A review of clinical effects associated with metabolic syndrome and exercise in prostate cancer patients.

Androgen deprivation therapy (ADT), a primary treatment for locally advanced or metastatic prostate cancer, is associated with the adverse effects on numerous physiologic parameters, including alterations in cardiometabolic variables that overlap with components of the metabolic syndrome (MetS). As MetS is an established risk factor for cardiovascular mortality and treatment for prostate cancer has been associated with the development of MetS, interventions targeting cardiometabolic factors have been investigated in prostate cancer patients to attenuate the detrimental effects of ADT. Much support exists for exercise interventions in improving MetS variables in insulin-resistant adults, but less evidence is available in men with prostate cancer. Regular exercise, when performed at appropriate intensities and volumes, can elicit improvements in ADT-related adverse effects, including MetS, and contributes to the growing body of literature supporting the role of exercise in cancer survivorship. This review (1) discusses the biologic inter-relationship between prostate cancer, ADT and MetS, (2) evaluates the current literature in support of exercise in targeting MetS and (3) describes the physiological mechanisms by which exercise may favorably alter MetS risk factors in prostate cancer patients on ADT.Prostate Cancer and Prostatic Diseases advance online publication, 28 June 2016; doi:10.1038/pcan.2016.25.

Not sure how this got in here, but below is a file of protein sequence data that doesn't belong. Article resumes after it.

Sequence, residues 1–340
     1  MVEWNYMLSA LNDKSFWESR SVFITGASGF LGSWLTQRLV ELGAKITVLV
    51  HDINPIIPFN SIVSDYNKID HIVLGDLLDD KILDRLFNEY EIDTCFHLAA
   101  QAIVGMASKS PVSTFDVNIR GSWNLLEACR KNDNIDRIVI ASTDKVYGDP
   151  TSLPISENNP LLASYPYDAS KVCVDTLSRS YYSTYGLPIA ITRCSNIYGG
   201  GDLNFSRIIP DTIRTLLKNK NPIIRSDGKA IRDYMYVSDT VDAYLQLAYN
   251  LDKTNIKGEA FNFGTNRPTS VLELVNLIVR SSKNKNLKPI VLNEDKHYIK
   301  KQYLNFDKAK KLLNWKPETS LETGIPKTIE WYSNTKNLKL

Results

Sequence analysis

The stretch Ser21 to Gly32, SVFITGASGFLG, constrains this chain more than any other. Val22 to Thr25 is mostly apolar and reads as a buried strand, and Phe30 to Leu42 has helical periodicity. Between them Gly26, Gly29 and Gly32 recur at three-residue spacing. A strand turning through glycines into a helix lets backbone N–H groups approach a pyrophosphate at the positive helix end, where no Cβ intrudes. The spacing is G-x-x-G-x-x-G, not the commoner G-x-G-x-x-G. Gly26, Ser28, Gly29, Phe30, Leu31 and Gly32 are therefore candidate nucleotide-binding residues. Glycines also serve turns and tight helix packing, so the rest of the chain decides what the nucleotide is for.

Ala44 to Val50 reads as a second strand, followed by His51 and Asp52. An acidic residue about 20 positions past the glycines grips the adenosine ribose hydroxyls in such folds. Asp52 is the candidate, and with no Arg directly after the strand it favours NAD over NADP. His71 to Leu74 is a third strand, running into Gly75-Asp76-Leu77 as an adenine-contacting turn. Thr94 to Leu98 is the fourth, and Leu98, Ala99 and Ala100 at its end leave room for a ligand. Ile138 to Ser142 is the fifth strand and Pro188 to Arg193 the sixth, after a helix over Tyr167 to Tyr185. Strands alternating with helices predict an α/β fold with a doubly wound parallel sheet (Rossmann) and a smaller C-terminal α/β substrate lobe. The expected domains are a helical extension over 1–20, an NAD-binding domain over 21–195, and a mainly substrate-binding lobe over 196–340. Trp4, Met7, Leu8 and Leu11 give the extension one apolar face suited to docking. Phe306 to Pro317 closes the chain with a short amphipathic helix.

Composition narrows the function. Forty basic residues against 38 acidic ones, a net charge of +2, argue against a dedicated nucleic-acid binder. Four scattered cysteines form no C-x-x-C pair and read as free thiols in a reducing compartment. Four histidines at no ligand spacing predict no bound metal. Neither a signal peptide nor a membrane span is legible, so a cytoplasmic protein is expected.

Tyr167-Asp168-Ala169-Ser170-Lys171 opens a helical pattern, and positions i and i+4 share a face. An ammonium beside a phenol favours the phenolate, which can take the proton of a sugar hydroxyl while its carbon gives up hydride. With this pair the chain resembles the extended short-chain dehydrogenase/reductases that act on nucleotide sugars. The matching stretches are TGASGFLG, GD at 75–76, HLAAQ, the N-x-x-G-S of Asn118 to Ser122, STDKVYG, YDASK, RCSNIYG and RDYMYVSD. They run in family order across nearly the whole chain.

Prostate cancer and prostatic diseases. 2016 Jun 28 [Epub ahead of print]

J L Kiwata, T B Dorff, E T Schroeder, M E Gross, C M Dieli-Conwright

Division of Biokinesiology and Physical Therapy, Ostrow School of Dentistry, University of Southern California, Los Angeles, CA, USA., Norris Comprehensive Cancer Center, Keck School of Medicine, University of Southern California, Los Angeles, CA, USA., Division of Biokinesiology and Physical Therapy, Ostrow School of Dentistry, University of Southern California, Los Angeles, CA, USA., Center for Applied Molecular Medicine, Keck School of Medicine, University of Southern California, Los Angeles, CA, USA., Division of Biokinesiology and Physical Therapy, Ostrow School of Dentistry, University of Southern California, Los Angeles, CA, USA.

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